• “It still really hasn’t take off…” ——Huh?!?!?! What rock have you been living under??? That part of town is booming in development.

        • I was JUST remarking to someone about how quickly the Near Southeast development has been coming along! It’s really incredible.

      • Jack5, where have you been? There are a couple of condos that have not been built, but look at the Navy Waterfront and compare that to a few years ago. That area is completely transformed for the better.

      • They died because buses came along and they could operate where tracks didn’t exist

        No, jack5. They died because companies like GM bought up electric rail companies so they could tear out the rails, replace streetcars with buses, and push automobile sales.

        • austindc

          That’s correct. Most of the streetcar infrastructure in the country was bought and then dismantled by auto companies. New streetcars work great as viable transit options in lots of cities like Portland and Amsterdam. Other cities are benefiting from them because of their nostalgic appeal–I’m thinking of San Francisco and New Orleans.

    • HAH! Cracked…

    • Am I the only one who saw, “cracked”?

  • Sad…. The first phase was intentionally planned for an area that needs economic development while knowing the ridership would be low at first. If the first phase was planned for somewhere in Ward 2 where ridership would have been greater, Barry would have thrown a fit because it was benefiting the whities. Now, he plays this card…..Sad!

  • While I actually agree with Barry that the streetcar is not a good idea at all (he is right that buses are better and already there), this is not the time to throw a fit. The time to throw a fit was before they bought cars and laid tracks. So it seems it must be him just trying to bargain… Sad. There is nothing good in politics.

    • The buses that are already there can be re-routed and those businesses along the route will lose their customers who can’t get to them anymore.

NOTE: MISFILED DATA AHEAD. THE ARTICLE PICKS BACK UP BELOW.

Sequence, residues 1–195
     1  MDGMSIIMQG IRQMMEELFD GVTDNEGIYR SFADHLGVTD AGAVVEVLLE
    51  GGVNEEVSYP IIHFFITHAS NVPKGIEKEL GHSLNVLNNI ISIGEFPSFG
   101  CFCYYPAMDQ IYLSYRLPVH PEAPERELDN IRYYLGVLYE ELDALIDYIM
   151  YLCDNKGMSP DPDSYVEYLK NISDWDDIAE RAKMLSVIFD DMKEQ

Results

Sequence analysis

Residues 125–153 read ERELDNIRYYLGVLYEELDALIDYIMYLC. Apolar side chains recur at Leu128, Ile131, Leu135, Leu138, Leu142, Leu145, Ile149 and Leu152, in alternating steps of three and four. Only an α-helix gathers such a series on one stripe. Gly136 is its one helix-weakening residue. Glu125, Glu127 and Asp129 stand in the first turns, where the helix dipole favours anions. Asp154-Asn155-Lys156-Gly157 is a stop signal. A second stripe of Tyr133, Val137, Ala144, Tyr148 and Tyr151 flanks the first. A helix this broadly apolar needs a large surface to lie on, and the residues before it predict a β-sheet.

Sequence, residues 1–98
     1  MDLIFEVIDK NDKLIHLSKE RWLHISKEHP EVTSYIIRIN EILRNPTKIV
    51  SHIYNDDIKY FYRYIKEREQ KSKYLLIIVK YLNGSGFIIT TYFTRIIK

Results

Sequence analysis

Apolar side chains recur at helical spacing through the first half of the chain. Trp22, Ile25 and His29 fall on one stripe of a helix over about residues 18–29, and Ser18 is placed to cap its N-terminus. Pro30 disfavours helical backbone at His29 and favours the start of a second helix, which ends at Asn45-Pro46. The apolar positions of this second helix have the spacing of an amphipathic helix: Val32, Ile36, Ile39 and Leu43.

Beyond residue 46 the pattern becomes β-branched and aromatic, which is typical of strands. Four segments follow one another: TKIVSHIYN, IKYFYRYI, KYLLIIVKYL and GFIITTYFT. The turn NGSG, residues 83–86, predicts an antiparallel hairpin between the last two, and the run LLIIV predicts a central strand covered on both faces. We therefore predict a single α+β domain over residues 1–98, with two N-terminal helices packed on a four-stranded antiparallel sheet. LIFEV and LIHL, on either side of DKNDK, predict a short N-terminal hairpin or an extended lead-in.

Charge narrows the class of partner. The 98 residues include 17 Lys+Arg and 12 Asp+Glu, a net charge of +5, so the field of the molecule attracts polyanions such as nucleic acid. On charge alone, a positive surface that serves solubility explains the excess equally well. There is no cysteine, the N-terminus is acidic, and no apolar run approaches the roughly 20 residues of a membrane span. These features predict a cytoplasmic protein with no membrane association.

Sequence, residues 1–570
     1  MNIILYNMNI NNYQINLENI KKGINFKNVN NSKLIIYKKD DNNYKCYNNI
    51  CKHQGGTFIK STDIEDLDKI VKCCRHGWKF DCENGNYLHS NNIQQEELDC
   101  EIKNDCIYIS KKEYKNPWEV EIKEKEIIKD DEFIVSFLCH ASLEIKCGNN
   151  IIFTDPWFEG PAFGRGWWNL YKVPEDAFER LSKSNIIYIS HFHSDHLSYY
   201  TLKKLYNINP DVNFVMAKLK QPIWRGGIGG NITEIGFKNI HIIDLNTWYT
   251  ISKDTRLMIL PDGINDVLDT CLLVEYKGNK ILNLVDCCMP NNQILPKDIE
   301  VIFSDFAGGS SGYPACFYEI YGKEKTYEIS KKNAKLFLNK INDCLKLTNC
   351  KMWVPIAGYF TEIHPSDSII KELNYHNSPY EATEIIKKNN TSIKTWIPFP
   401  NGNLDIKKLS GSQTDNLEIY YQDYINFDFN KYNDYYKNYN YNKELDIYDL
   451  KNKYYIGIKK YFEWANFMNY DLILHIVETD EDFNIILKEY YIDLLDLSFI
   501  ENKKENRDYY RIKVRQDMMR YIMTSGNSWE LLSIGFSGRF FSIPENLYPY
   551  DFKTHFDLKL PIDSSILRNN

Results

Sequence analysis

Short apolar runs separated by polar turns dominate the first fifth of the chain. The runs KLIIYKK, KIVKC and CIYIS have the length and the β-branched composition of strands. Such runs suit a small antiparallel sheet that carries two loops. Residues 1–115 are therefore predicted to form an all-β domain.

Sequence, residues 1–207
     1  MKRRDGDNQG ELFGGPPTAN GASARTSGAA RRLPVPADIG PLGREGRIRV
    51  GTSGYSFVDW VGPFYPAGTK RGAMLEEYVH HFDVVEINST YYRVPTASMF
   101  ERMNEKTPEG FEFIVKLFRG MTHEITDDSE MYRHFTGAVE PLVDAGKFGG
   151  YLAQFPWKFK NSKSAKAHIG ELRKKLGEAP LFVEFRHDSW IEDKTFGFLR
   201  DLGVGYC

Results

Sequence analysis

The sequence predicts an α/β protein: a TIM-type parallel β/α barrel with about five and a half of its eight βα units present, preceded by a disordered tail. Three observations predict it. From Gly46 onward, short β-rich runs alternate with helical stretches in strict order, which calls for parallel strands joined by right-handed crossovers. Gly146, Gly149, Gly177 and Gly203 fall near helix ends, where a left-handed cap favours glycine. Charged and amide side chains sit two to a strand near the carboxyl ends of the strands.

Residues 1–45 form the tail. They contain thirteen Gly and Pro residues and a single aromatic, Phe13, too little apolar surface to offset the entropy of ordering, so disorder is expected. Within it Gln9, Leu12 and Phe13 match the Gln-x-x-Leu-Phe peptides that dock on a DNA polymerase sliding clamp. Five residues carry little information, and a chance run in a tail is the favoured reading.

• Give Marion a break! He was in jail for smoking crack when the streetcar vote was taken.

    • I ride the X2 or X9 (up and down H st) twice a day, 5 days a week…and we need more transit. Quite often the double length busses just blow by the bus stops because they are already filled to the brim with riders. You people pish-poshing this project because busses already run on the same route don’t really know what you are talking about…..what a surprise.

      • Yes, I caught one of the X buses for the first time a couple weeks ago, and I was surprised by A) how long it took for one to arrive and B) how completely packed it was.

  • Isn’t the first phase also planned to run through Anacostia to better connect Ward 8 with the stadium district? If so, why not agree to cancel that segment?

    • That was originally planned to be the first segment, but it got pushed back and H St. became the first part of the streetcar project.

  • Marion Barry is a crook, he is trying to stop that to get money under the table from Catania. Why he did not stop it before they started. He needs to be send to a nursing home.

  • Riding that train, high on cocaine ….

    • When cocaine is involved, “riding the train” takes on an entirely different meaning.

  • I don’t think the streetcar system was a good idea from the beginning, but this stalling tactic does nothing to change things for the better. Finish the H St. line and let’s see how the gentrifiers’ dreams match up to economic reality. If the demand isn’t there, end the experiment.

    • I hope you’re not forgetting to take note of how the “gentrifiers’ dreams” are matching up to reality in Dupont Circle, Logan, 14th street, NOMA, Brookland, Stadium District, Mt. Vernon Triangle, Petworth and Capitol Hill. It’ll be interesting to see if these places end up safer, cleaner and more economically dynamic — which gentrifiers dream of — than they were when the long time residents ran them.

      • As long as “money taken from us by local youths in after-hours muggings” counts as economic activity, the NOMA project has been a windfall for the city’s economy.

        Plus hey, it’s somewhat safer than Trinidad…

        • You’re probably right. The high end condos, Harris Teeter, restaurants and relocation of NPR’s headquarters don’t count as economic activity.

  • Dang, it’s tough when you have to admit Marion Barry is absolutely right about an issue.

  • Despite the fact that he is perpetually reelected, I think that a lot of people overestimate Marion Barry’s political power in this day and age. If you ever watch Council proceedings on TV, it’s painfully clear that his colleagues no longer take him very seriously.

  • Fret not, once the final reclamation is complete and the old guard is thrust into PG county, Marion Barry will fade to black.